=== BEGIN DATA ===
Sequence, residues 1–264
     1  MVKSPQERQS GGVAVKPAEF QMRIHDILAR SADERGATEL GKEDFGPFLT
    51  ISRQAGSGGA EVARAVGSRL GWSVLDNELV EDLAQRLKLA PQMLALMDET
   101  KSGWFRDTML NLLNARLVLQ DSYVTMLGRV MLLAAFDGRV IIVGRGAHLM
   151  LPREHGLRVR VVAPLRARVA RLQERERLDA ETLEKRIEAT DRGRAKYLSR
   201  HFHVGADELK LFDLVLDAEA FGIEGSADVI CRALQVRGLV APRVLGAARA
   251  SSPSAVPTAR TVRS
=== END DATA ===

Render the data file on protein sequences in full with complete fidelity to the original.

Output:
Sequence, residues 1–264
     1  MVKSPQERQS GGVAVKPAEF QMRIHDILAR SADERGATEL GKEDFGPFLT
    51  ISRQAGSGGA EVARAVGSRL GWSVLDNELV EDLAQRLKLA PQMLALMDET
   101  KSGWFRDTML NLLNARLVLQ DSYVTMLGRV MLLAAFDGRV IIVGRGAHLM
   151  LPREHGLRVR VVAPLRARVA RLQERERLDA ETLEKRIEAT DRGRAKYLSR
   201  HFHVGADELK LFDLVLDAEA FGIEGSADVI CRALQVRGLV APRVLGAARA
   251  SSPSAVPTAR TVRS